I have a small vmware ESXi 4.1 setup.
3 Hosts and only a few Windows 2008 R2 servers ie: VMs.
One of them will be a SQL 2008 server running our Sharepoint databases.
What's the best practice for this?
Currently I have a 1 TB volume on a Dell Equallogic for my shared Vmware datastore.
That's where all my VMs are going.
Should I just add another virtual hard disk using the VCenter console on the SQL server or should I create another volume on the Equallogic for the SQL databases and make an iSCSI connection from within Windows to it?
Any pros or cons?
I'm thinking just keeping it within the vmware volume would be the easiest but I wasn't sure.
I don't expect the SharePoint SQL database to get over 500GB for a few years and there's more space on the Equallogic so I can expand when that happens.
My concern about going with a seperate volume on the Equallogic for the databases is whether or not Windows will have any problems/corruption if I have to revert to an older snapshot or make a clone for any reason.
Also, since I'm asking now, once this is up and running properly I'll be setting up Exchange 2010 and I'll be asking the same question about where to put those databases.
Safe to assume the answer will be the same for Exchange and SQL?
There is a VMware doc which would help. It relates to ESX3 but the principles are the same: http://www.vmware.com/files/pdf/sql_server_virt_bp.pdf
Storage is key to your SQL performance.
You can use tools such as SQLIO within a VM to see the IOPs and Latency. Running SQLIO tests on multiple VMs in the same LUN will allow you to see the limits of your LUN performance and you can then decide the best storage configuration.
I would personally keep all of the VMDK files for the virtual server in the same VMFS volume rather than spreading the VM across multiple volumes.
I would consider what kind of I/O you expect on the volume and the number of VM you will run on the volume,IMO I would create separate volume for the SQL and, in the future, Exchange, if RDM or VMFS it depends on many things.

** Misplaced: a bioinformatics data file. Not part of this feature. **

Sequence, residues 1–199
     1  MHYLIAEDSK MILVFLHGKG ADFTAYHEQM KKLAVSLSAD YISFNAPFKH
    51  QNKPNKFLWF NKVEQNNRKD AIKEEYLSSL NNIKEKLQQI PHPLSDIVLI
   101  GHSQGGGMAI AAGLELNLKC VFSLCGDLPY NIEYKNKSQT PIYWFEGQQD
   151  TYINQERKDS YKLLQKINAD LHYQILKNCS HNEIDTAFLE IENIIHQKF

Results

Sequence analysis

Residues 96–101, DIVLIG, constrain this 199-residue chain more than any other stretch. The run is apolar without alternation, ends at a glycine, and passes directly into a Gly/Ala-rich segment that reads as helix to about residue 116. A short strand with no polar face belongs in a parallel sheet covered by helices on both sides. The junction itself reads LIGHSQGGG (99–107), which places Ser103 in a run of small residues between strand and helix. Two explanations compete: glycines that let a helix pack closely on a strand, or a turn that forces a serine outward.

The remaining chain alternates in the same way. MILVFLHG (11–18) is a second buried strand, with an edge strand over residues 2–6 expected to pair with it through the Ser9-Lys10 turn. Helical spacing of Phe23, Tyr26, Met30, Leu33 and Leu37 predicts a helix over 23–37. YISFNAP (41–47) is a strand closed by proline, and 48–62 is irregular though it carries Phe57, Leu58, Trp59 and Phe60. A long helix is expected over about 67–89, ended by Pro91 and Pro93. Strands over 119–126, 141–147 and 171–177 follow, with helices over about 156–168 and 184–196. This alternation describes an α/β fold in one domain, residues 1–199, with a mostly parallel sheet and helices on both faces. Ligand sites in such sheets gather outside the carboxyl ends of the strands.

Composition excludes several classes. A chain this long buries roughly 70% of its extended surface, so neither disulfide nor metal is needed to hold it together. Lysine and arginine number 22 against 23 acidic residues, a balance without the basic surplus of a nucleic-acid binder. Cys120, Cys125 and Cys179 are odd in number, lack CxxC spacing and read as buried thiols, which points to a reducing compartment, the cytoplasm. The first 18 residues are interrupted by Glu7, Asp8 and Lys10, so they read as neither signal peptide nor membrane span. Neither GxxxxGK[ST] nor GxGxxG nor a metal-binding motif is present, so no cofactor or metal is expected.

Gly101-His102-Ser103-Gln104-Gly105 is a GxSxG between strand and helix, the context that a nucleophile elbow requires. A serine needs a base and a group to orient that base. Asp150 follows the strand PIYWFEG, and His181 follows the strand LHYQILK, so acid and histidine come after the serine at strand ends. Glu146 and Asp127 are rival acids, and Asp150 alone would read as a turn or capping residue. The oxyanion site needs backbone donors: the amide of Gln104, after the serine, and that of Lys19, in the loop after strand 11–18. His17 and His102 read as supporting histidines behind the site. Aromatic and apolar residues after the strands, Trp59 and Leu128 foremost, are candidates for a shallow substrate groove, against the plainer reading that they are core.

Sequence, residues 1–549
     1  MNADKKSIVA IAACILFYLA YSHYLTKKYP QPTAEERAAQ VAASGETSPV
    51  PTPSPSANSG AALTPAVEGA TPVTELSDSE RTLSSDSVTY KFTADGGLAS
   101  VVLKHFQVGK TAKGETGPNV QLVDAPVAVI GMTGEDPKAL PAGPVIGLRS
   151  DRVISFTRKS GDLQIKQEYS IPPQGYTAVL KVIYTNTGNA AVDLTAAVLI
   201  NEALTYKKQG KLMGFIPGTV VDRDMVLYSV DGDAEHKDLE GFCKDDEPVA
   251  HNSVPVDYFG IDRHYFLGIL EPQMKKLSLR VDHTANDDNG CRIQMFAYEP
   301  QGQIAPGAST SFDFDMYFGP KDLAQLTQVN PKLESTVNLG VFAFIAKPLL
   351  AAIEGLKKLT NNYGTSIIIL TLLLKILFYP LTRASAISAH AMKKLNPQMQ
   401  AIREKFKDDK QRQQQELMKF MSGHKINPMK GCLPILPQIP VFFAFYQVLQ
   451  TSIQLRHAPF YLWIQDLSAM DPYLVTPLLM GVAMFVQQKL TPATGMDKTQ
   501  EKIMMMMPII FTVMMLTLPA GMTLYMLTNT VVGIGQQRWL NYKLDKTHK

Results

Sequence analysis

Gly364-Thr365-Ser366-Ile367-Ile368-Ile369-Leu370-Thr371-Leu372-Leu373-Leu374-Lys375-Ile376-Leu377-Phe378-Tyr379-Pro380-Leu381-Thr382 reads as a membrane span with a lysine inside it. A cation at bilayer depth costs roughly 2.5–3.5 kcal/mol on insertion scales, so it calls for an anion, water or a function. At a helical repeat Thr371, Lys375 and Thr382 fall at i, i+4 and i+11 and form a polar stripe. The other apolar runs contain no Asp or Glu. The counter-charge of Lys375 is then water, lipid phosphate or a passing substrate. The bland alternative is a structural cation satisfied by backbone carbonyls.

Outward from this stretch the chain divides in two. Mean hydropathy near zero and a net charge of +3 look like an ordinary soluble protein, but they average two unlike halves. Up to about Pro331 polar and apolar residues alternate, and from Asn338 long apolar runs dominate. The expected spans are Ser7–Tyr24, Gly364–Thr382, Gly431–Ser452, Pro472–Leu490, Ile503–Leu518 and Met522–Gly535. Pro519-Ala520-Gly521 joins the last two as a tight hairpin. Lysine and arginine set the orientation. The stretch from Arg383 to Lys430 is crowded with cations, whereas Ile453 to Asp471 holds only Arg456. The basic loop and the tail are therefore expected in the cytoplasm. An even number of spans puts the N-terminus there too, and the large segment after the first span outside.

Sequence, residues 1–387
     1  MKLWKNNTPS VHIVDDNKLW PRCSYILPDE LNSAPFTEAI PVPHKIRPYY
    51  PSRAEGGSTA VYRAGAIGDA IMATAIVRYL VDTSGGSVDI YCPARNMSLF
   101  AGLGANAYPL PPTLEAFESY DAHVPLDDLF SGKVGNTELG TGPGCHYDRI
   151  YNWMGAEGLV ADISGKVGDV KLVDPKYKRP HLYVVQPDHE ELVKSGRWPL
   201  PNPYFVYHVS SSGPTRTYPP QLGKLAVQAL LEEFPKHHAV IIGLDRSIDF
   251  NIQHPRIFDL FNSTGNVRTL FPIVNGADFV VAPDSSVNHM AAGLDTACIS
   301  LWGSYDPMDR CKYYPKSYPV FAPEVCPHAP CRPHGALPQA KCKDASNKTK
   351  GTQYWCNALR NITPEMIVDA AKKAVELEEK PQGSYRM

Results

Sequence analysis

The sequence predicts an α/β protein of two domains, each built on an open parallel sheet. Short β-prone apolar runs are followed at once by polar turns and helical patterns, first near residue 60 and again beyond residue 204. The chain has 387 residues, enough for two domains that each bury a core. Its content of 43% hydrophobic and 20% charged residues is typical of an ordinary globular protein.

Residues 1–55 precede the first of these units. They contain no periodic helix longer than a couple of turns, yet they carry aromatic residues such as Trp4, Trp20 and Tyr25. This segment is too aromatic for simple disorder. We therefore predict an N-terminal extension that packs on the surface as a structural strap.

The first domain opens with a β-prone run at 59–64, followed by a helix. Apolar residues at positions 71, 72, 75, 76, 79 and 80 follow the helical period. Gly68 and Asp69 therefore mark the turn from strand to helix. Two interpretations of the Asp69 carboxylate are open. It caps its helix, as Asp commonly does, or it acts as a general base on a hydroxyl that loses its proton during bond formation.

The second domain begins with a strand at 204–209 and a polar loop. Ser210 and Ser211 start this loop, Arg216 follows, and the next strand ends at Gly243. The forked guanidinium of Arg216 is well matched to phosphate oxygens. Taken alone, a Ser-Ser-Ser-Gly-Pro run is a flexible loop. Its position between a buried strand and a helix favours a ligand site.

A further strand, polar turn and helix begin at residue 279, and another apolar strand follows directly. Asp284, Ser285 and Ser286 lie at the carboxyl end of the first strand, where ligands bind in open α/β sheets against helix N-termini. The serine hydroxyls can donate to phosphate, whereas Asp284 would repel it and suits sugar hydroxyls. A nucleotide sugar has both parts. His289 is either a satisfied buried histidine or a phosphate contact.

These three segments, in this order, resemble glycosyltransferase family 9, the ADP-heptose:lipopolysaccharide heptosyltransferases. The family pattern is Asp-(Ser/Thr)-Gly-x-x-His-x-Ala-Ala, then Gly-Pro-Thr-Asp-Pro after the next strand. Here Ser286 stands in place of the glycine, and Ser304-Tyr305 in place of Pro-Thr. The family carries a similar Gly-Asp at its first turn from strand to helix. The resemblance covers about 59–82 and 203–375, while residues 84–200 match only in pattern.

Another thing is how big will be the DB and the transaction log and how it is build the storage (cluster size, alignment with VMFS, etc).
microsoft got some simple tools (excel) to help you to build the correct configuration for sql and exchange and from there you may start to build your storage architecture.
Thank you for both your posts.
I need to do some more reading! lol
I guess to further clarify, is it better to have VMWare control the SQL database LUN/Volume or Equallogic/Windows?
If I have to restore the SQL server VM for some reason will I be better off with the database volume being part of the VMware 1TB volume where the VM's are or should I have a seperate volume on the equallogic?
And we really over bought the hardware for our needs (for a while anyway).
No more than 200 users will be accessing Sharepoint regularly and we only have around 400 email accounts using Exchange.
We've had Exchange run on one server for the past 3 years with no performance issues.
So I guess I'm less concerned about performance and more concerned about ease of management.
Unless you have some needs to access the LUN directly (clustering with physical hosts, more than a 2 TB LUN size as examples) I would stick with a virtual disk. But as the other have stated I would be most concerned with performance as to deciding whether or not to use the existing VMFS datastore. The 200 SP / 400 Exchange users aren't going to be too concerned with management ease :). How many disks spindles do you have for the current VMFS datastore? In regards to backup it'll depend on your overall backup strategy. If you plan to use a backup agent within each VM (i.e. more of a traditional backup model), then it doesn't matter if the SQL Server uses a virtual disk or has direct LUN access. If you plan to backup via vSphere then it'll be easier to do with a virtual disk.
I agree with others I would stick with the VMFS, RDM is justify IMO only if you expect need LUN larger than 2TB.
About how to design VMFS I think that this pdf may help you in your architectural design.
I would suggest creating a new LUN on your EqualLogic array. If you can, thick-provision it. Then add VMDK drives as needed to the SQL Server VM and run the lot of it from the new LUN.
Using this approach, EqualLogic's SanHQ will give you long-term performance and usage metrics for the SQL Server seperately. Also you'll be able to set a RAID level preference for it, in case in future another EqualLogic array is added to the pool with a different RAID level.